I was dwindling with the Basel series and thinking of ways to prove it. I did this: \[ \displaystyle \sum_{n=0}^{\infty} \dfrac{1}{n^{2}+1} = \int_{0}^{1} \sum_{n=0} ^{\infty} x^{n^{2}}dx \] So, the series is: \[ \displaystyle \sum_{n=0}^{\infty} x^{n^{2}}\] for \( |x| <1 \) Wolfram Alpha gives the result in terms of Jacobi Theta Functions, which I currently fail to comprehend, So, what are your views on it??

And, more generally for the series: \[ \displaystyle \sum_{n=0}^{\infty} x^{n^{\alpha}}\] where, \(\alpha\) is a positive integer or maybe a real, and \(|x|<1\)

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TopNewest@Kartik Sharma @Michael Mendrin @Pi Han Goh @Ishan Singh

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Your question is not clear. What do we need to do? It is Jacobi functions, yeah. You want to know about what Jacobi Theta is or other methods to solve the problem?

BTW, you can use Laplace transform too.

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@Kartik Sharma Sorry, for mingling the prob like this , but what I want in particular is the summation of that particular series and that if it can be put up in a closed form other than that of jacobi functions.My point is not emphasized on Jacobi functions, but the "series"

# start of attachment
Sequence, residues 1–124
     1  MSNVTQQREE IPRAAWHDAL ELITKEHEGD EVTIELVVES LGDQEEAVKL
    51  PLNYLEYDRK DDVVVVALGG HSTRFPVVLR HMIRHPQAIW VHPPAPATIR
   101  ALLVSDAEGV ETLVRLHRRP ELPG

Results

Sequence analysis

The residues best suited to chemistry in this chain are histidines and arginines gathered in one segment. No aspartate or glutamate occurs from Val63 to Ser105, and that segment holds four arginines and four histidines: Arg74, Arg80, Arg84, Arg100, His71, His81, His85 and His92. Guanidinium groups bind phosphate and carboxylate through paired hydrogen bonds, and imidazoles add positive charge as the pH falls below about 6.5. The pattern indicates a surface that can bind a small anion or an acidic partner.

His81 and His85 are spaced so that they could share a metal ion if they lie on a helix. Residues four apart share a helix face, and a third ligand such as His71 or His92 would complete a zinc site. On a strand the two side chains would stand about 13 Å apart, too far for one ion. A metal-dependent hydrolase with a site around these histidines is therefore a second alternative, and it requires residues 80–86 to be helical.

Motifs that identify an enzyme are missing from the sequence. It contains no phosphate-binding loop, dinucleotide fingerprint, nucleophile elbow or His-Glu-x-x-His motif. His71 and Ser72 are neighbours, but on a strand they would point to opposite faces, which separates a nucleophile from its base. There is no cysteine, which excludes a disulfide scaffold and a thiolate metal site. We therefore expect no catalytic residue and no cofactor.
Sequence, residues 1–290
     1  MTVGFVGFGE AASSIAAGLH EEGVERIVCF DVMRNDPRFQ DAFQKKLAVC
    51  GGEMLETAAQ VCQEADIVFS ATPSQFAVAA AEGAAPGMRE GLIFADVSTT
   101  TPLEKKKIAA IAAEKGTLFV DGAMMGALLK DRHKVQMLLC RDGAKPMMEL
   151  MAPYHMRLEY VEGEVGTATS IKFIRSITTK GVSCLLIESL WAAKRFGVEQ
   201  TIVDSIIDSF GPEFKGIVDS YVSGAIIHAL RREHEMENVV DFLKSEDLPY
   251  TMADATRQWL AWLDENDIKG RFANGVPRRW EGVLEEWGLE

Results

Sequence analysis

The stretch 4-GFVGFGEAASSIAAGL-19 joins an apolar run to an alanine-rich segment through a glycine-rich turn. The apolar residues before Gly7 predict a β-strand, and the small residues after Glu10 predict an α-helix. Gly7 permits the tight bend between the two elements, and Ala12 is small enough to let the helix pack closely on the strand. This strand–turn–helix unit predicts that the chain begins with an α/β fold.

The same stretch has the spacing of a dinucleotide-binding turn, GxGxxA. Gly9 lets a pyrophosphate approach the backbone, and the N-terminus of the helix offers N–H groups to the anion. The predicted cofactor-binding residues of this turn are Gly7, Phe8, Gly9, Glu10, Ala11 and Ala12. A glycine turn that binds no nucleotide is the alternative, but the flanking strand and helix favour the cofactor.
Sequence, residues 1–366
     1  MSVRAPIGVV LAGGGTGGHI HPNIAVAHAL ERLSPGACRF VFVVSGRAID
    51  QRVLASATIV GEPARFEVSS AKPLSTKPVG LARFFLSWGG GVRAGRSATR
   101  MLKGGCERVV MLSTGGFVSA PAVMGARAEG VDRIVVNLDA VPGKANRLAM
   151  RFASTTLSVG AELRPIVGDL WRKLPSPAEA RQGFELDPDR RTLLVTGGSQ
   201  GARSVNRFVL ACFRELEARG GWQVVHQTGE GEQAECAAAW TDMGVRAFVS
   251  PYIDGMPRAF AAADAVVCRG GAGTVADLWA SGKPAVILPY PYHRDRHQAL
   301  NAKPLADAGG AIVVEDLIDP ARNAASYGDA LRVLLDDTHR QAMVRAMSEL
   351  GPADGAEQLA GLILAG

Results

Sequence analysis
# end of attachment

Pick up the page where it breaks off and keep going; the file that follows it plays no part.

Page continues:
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Ramanujan "guessed" it, why can't we? (This is based on the fact that many people believe that Ramanujan guessed almost every one of his results ans didn't provide results... He should not be regarded as a true mathematician(sarcasm of course)).

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The only thing that I can think of is Rogers-Ramanujan Identities but I doubt that's even relevant to the question at hand.

Yeah, Pierre de Fermat is not a mathematician either (sarcasm).

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video already. I only know as much as you.

I assumed you've watched thisWhether Riemann hypothesis is true or not, the inequality \(\pi(n) < \text{li}(n) \) will fail for a number lower than \(e^{e^{e^{79}}} \) or for a number larger than \(10^{10^{10^{10^3}}} \). Since I'm not verse in Logarithmic Integral, I doubt I can push further than this.

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@Kartik Sharma I got: \[ \displaystyle \int_{0}^{\infty} \dfrac{\sin(mx)dx}{1-e^{-x}} = \dfrac{1}{2m} + \dfrac{\pi}{2}\coth(\pi m) \]

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I don't know why you want to convert it into an integral (which is wrong by the way). You can simply solve it via digamma functions or residues to get the answer of \( \frac12(\pi \coth(\pi) + 1) \).

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@Pi Han Goh It's not about the sum provided in the beginning, it's about the series given at the end

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